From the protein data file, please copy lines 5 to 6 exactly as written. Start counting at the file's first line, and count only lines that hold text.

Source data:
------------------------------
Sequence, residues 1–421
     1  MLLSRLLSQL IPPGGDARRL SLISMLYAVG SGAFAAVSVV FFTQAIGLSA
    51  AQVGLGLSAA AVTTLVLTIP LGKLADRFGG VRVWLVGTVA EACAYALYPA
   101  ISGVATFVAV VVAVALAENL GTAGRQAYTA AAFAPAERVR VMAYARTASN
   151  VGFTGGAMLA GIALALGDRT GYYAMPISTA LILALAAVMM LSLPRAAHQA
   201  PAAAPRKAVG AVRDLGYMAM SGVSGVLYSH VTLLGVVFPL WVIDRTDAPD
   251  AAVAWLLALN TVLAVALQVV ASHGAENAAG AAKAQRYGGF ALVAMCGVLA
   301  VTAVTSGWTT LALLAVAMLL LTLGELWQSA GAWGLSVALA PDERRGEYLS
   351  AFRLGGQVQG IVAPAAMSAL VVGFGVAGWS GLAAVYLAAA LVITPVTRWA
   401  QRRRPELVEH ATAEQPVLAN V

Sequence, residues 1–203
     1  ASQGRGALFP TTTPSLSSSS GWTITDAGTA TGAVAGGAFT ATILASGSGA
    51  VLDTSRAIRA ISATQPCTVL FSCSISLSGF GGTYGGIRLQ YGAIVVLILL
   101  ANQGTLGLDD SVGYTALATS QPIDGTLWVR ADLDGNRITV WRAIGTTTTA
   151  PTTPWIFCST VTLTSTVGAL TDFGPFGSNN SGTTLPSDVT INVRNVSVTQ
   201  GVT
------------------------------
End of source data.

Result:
   151  VGFTGGAMLA GIALALGDRT GYYAMPISTA LILALAAVMM LSLPRAAHQA
   201  PAAAPRKAVG AVRDLGYMAM SGVSGVLYSH VTLLGVVFPL WVIDRTDAPD